Location: Siegen, Germany Date: 2011 Industry: Research
The Challenge​
Improving the Pedersen generator to reduce cost and achieve higher accuracy to meet the ExoMars mission requirements.
The solution
Applying lookup table compression and interpolation techniques to improve spectral purity with minimal hardware overhead.
The outcome
Saving millions in research and industrial activities of the scientific payload of the ExoMars rover as well as reducing equipment complexity.

€1.3 billion

ExoMars mission is using Nawatt’s improved sweep generator on the Mars rover in 2020.

Nawatt’s sweep generator research is used by the ESA on its ExoMars rover

Helping the agency discovering the Red Planet’s subsurface
The Challenge

The radar on the Euro-Russian Mars mission will be deployed on the rover to analyze the underground layers seeking life evidence and examining possible methane sources that could lead humanity to one of the greatest discoveries of our age, namely finding the source of this scarce gas which aims to determine if the Red Planet could ever have supported microbial life.

The required frequency bandwidth is around 2.5 GHz starting at 500MHz up to 3 GHz. The radar will allow the rover to scan the subsurface using sweep pulses and to send high resolution data back to earth, so scientists can build 3D images down to a depth of 3 meters. The sweep pulses will also help determine optimal drilling sites and to investigate subsurface water-ice and brine.

Digital sweep (or chirp) signal generators are tricky to build without high spurious effects in the upper part of the band. While the Pedersen implementation provides a digitally controlled phase signal, it suffers from severe spurious harmonic distortion. Many techniques were proposed to lower the distortion effects, but all resulted in hardware complexity and increase in cost.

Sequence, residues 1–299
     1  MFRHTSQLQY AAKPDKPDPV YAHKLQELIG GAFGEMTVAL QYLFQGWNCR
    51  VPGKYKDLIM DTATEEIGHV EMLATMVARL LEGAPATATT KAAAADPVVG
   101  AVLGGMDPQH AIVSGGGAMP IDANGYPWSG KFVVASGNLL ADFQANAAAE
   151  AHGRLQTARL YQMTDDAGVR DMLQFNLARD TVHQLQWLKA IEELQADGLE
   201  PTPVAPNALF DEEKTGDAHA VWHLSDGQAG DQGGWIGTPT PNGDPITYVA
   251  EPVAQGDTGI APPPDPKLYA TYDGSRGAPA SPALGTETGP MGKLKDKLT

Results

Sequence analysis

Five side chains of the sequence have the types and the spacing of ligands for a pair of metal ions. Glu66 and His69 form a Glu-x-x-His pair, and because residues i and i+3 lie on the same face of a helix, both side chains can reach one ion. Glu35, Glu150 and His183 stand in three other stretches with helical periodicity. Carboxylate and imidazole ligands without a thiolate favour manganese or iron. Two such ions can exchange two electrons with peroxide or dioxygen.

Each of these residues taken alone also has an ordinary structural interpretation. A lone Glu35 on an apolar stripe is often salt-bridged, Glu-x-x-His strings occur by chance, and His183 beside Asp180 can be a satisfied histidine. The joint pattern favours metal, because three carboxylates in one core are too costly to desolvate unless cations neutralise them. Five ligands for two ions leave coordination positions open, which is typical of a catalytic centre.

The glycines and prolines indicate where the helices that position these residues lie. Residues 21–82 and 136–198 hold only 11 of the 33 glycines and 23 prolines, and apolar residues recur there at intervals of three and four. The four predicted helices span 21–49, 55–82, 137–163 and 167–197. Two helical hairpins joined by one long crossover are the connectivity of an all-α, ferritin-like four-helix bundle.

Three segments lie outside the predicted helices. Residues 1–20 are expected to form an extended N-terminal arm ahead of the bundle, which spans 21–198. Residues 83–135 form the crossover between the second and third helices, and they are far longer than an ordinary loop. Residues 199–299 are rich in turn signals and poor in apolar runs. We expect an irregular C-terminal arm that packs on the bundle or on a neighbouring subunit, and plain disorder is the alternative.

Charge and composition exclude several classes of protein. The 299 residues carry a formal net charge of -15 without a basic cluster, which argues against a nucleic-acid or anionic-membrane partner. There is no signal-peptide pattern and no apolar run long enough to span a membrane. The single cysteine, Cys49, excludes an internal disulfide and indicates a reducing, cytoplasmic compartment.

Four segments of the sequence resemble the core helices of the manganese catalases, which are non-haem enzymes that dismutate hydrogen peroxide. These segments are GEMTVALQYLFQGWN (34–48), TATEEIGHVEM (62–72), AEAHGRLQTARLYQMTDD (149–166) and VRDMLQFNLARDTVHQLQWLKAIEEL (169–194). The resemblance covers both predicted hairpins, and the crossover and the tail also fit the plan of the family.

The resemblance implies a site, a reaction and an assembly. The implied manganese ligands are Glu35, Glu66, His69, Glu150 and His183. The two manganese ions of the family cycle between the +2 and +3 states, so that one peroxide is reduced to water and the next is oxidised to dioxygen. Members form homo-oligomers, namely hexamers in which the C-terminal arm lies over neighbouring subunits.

The Solution

Nawatt collaborated with the Center for Sensor Systems (ZESS) at the University of Siegen to implement a cost-effective solution that meets the ESA’s accuracy and quality figures.

The suggested method utilizes lookup table (LUT) compression techniques in a Pedersen generator to improve high spurious-free dynamic range (SFDR) while keeping memory size lower than all previous methods. The digitally generated sinusoidal waves are based on a piecewise polynomial approximation that is substituted in real-time. The LUT compression is achieved by using high orders of interpolation which also allowed the generator to exceed spectral purity of all previous techniques with minimal hardware overhead.

The hardware implementation achieved extremely high levels of SFDR reaching 97.5 dBc while reducing the total memory size and hardware complexity.

The Outcome
After the withdrawal of NASA from the ExoMars mission, and the consequent reorganization of the ventures, the member states instructed the ESA to prioritize their missions and adjust to the shortfall in funding. The technical contribution that Nawatt provided in collaboration with ZESS allowed the agency to build a cost-effective, yet a higher quality radar to be deployed on the Mars rover mission saving millions in research and industrial activities of the scientific payload. It also helped scientists to reduce the hardware complexity that improved both power consumption and equipment weight giving more room for other subsystems with the same fuel reservoir.
About the Center for Sensor Systems (ZESS)

The Center for Sensor Systems (ZESS) is a central scientific and interdisciplinary research institution of the University of Siegen. Scientists from the engineering and natural sciences work together under one roof. By networking methods knowledge, simulation, software technologies, electronics and mechanics or the corresponding micro-techniques, ZESS forms an interdisciplinary team to take account of the complexity of today’s development processes. For more information, please visit uni-siegen.de/zess.